NASHVILLE -- Lt. Gov. John Wilder, who usually refers to himself in the third person, says he is in touch with the cosmos and all is well.
State House Speaker Jimmy Naifeh, whether he admits it or not, must borrow a page from Wilderâs book -- except for the cosmos chapter -- if he plans to keep his job and control the lower chamber of Tennesseeâs General Assembly.
Wilder, the longest serving head of a legislative body in the United States, has maintained his control of the Senate since 1987 through a coalition of Democrats and like-minded Republicans.
Naifeh, a Covington Democrat, presides over the 99-member House of Representatives largely by controlling his 53 fellow Democrats
For the 103rd General Assembly that convenes Jan. 14, Naifeh is going to need more than Democrats to prop him up. Heâs going to need Republicans, plenty of them.
Some House Democrats are grumbling loudly that Naifeh cedes too much control to certain colleagues whom critics call the âWest Tennessee Mafia.â Indeed, the No. 2 House leader, Speaker Pro Tem Lois DeBerry, is from Memphis. The Democratic Caucus chairman is Randy Rinks of Savannah. Former Finance Committee chairman Matt Kisber, who did not seek re-election, is from Jackson.
Between them, they have controlled the House. That will change somewhat in the coming legislative session.
This time around, there is talk of dissident Democrats joining with Republicans, who have 45 members in the House, to form a coalition that would oust Naifeh.
Naifeh is working to head that off.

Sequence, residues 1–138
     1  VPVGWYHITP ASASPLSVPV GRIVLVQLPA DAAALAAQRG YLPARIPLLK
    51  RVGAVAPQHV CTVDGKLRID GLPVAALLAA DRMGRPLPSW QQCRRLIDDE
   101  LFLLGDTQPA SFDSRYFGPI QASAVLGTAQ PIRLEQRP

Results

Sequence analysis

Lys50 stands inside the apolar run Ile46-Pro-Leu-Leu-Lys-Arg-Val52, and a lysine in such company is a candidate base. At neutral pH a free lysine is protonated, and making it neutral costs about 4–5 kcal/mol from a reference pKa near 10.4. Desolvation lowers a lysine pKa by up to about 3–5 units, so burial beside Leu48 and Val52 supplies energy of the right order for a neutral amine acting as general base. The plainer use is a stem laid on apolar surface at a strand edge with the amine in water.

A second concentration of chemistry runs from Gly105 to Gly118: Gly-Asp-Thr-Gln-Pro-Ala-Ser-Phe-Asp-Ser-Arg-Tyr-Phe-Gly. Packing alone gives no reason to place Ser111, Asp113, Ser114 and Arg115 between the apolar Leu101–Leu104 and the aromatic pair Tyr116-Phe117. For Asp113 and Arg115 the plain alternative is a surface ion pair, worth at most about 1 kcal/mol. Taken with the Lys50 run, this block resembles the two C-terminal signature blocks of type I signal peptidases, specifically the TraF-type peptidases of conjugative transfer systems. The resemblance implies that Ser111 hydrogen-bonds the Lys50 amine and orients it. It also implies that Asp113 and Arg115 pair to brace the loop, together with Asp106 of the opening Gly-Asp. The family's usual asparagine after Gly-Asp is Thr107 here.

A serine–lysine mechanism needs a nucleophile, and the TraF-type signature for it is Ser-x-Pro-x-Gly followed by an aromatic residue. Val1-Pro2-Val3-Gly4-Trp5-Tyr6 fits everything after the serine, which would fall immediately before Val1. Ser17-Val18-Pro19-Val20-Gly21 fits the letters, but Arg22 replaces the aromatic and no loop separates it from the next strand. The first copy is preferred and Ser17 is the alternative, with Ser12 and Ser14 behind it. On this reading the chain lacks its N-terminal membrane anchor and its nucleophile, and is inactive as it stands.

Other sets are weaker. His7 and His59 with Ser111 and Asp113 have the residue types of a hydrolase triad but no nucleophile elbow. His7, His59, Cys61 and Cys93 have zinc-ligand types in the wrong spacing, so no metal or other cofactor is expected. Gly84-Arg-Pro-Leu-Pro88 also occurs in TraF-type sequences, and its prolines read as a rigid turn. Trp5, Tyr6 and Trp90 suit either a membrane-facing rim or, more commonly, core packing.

His best bet is handing out a few committee offices, maybe a chairmanship or two, to Republicans, giving them a seat at the table they had previously been denied.
Wilder has less of a grip on the Senate, but then itâs not his nature to rule with an iron fist.
In Wilderese, âthe Senate is the Senate.â That means each of the 33 senators has a voice that can be heard long before legislation reaches the Senate floor, where its fate has already been decided.
One complaint about the House is that power is wielded by only a few. The House Finance Committee has 30 members, and nine of those serve on the budget subcommittee, the dreaded âblack holeâ where legislation can live, die or languish until it is blessed by Democratic leadership.
Legislation with a yearly cost of $100,000 or more -- that applies to most major bills -- automatically is assigned to the Democratic-dominated Finance Committee. Most of those bills, in turn, wind up in the âblack hole.â
The âblack holeâ is supposed to determine the budgetary impact of legislation, but some lawmakers say the subcommittee has actually changed the intent of legislation.
Veteran Rep. Frank Buck of Dowelltown, made that complaint in an emotional speech to fellow House Democrats during their caucus meeting two weeks ago. Buck, a small-town lawyer who speaks his mind, received nothing but silence after his speech.
Buck also warned about the need for bipartisanship, noting that House Republicans gained three House seats this year and Democrats must recognize the GOPâs growing influence.
Later, Naifeh said Buckâs comments were inappropriate, especially given that the gathering was the first for freshmen legislators.
Whether he likes it or not, the time has come for Naifeh to reach out to Republicans. He should appoint Republicans to committee offices and give them more of a voice in the General Assembly.
That approach has worked well for Wilder, who can count on Republicans when he needs them.
It can work well for Naifeh, too.
All he has to do is give it a try.